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A Blind Spot in the Gender Debate
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A Blind Spot in the Gender Debate

Commentary

A Blind Spot in the Gender Debate

A Blind Spot in the Gender Debate
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Everyone from university presidents to scientists have courted controversy with remarks about innate genetic differences between men and women. Commentator Lori Gottlieb points out that one area seems immune from the debate: communication.

MELISSA BLOCK, host:

If you're looking for a way to stir up some controversy, here's an idea: Bring up the innate genetic differences between men and women. It's gotten some pretty high-profile people in trouble lately. Well, our brave commentator Lori Gottlieb would like to weigh in on the debate. Specifically, she wants to challenge the idea that women are better communicators than men.

LORI GOTTLIEB:

I don't get it. What makes everyone think women have a natural ability to communicate? I mean, if women are supposed to be better communicators than men, why don't we ever communicate? Take this conversation played out in bedrooms nationwide.

Unidentified Man: Honey, what's wrong?

Unidentified Woman: Aren't you going to apologize?

Unidentified Man: I'm sorry.

Unidentified Woman: For what?

Unidentified Man: For upsetting you.

Unidentified Woman: And why did you upset me?

Unidentified Man: I don't know.

GOTTLIEB: Well, there's a reason the poor guy doesn't know. His girlfriend didn't tell him. Oh, she thinks she did. In fact, she'll insist that not only is she a good communicator, but that her boyfriend is a bad listener. Actually, though, he's just a bad mind-reader because when he asks for clarification, he'll be listening intently as she declares, `If I have to explain it, never mind.' It's a double-whammy. First, she'll withhold conversation. Then she'll withhold sex. And if she has to explain it, never mind.

You see, women feel that the best relationships are those that require the least amount of communication. A man should be able to tell what we mean, not by just what we say, but by our tone alone. Like if I say, `I'm so upset,' that means I've chipped a fingernail. But if I say, `I'm so upset,' obviously, my mother just called. I mean, who can't tell the difference. And if I have to explain it, never mind.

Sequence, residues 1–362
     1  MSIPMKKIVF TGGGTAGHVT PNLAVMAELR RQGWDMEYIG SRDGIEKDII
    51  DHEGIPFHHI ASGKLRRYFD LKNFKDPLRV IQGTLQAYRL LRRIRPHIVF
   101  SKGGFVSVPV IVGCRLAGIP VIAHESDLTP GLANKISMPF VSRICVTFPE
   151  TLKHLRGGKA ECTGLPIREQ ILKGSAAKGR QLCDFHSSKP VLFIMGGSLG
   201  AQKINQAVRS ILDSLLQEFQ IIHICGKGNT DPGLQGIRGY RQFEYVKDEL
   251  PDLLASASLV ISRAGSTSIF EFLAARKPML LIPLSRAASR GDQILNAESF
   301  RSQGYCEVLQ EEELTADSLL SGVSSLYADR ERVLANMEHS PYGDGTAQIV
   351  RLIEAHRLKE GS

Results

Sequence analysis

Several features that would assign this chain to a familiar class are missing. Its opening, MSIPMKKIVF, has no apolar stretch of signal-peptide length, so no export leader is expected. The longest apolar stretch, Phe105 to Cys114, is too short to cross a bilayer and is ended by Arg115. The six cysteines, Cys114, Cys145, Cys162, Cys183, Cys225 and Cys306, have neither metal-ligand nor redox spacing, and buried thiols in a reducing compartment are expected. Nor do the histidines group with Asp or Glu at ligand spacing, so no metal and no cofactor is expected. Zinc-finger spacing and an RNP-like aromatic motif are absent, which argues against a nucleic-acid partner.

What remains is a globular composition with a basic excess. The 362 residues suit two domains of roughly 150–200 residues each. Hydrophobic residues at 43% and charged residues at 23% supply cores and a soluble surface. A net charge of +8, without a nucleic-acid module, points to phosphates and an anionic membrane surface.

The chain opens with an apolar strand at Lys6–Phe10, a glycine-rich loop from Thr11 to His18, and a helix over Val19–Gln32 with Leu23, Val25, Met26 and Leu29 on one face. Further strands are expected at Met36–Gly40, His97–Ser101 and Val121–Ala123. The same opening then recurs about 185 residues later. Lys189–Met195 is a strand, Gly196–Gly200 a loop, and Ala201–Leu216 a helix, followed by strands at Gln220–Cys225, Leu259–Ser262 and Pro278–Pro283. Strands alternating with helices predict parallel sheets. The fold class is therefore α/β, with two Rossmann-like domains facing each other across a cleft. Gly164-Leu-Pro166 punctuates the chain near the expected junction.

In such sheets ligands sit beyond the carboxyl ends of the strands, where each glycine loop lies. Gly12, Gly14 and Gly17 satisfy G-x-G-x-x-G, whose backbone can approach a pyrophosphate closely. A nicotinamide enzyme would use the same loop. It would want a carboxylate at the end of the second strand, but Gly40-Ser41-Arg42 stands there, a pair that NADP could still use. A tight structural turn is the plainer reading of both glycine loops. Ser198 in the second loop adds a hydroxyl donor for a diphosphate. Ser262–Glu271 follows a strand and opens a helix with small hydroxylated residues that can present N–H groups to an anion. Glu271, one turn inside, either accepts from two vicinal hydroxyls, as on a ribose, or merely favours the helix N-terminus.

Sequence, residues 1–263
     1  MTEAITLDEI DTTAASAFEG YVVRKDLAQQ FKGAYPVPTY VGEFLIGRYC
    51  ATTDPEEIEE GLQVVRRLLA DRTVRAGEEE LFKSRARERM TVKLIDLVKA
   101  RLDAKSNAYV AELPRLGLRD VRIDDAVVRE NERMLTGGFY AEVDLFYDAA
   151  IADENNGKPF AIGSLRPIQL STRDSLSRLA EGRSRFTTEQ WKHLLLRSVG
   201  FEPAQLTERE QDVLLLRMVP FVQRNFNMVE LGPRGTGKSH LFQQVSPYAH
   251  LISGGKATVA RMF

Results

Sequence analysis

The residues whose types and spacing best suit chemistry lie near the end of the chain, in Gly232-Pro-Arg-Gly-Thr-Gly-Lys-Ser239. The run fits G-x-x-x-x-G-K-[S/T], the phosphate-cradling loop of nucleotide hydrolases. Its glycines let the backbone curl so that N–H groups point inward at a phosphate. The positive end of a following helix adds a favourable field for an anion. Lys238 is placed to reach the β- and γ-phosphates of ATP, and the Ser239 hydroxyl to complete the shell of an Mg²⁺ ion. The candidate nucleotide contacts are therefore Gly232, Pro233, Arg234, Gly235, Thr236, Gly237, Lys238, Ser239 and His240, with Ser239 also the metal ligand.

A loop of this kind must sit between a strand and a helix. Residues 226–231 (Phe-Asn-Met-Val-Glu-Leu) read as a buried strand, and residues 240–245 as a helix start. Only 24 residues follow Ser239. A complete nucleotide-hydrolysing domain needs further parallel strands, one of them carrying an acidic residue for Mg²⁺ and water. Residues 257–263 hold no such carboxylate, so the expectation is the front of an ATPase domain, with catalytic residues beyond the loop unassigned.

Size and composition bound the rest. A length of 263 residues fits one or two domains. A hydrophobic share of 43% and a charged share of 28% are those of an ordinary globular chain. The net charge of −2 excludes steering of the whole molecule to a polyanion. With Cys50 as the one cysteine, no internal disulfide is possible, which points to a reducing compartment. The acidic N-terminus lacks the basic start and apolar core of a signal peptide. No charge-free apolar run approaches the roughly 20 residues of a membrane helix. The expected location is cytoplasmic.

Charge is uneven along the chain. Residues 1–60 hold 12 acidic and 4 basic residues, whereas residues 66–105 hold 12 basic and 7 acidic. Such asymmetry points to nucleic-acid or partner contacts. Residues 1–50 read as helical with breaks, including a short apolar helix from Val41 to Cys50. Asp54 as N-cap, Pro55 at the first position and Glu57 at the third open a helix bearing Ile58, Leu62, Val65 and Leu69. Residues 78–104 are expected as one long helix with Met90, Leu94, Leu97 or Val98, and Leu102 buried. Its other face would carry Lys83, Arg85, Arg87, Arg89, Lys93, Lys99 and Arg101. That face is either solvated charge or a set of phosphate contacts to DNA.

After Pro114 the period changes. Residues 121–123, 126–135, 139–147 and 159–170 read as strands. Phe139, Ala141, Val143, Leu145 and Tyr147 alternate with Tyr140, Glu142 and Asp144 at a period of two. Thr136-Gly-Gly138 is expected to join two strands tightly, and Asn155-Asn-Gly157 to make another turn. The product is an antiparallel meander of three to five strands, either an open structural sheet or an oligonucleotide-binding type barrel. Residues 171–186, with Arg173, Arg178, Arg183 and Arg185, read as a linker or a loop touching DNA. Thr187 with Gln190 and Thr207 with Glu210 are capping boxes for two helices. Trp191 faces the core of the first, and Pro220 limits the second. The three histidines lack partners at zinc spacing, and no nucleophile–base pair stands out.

Sometime merely having a thought counts as communication. Like if I'm thinking, `Steve better get me that iPod for my birthday,' but Steve gets me flowers instead, it's proof that, boy, he can't communicate at all. Oh, he may try to communicate in his limited male way. He may ask, `What would you like for your birthday?' And I may say, `I don't need a gift.' And when I'm disappointed with the flowers, he may even ask, `Honey, what's wrong?' What's wrong is that I wanted an iPod. But if I have to explain it, never mind.

Luckily books, magazines and relationship seminars offer ways to cope with this gender disparity. The best-seller `He's Just Not That Into You" told women that men who don't communicate just aren't that into us. But since there's no companion book for men called "She's Just Not That Into You Unless You have ESP," the innately challenged male can get into trouble.

Let's say that your girlfriend yells at you for something trivial, like getting her a chai tea instead of boba. You may think she's upset about a beverage, but, really, she's upset about the fact that you had lunch with an attractive female co-worker. How would you know this? If she has to explain it, never mind.

A boyfriend once asked me, `Since when do you believe in telepathy? You don't even believe in horoscopes.' I gave him a stare-down bolstered by the strength of my double-X chromosomes. `I'd like to explain it to you,' I said impatiently, `but, really, you should just know.'

BLOCK: Lori Gottlieb lives in Los Angeles. She's the author of the book "Stick Figure."

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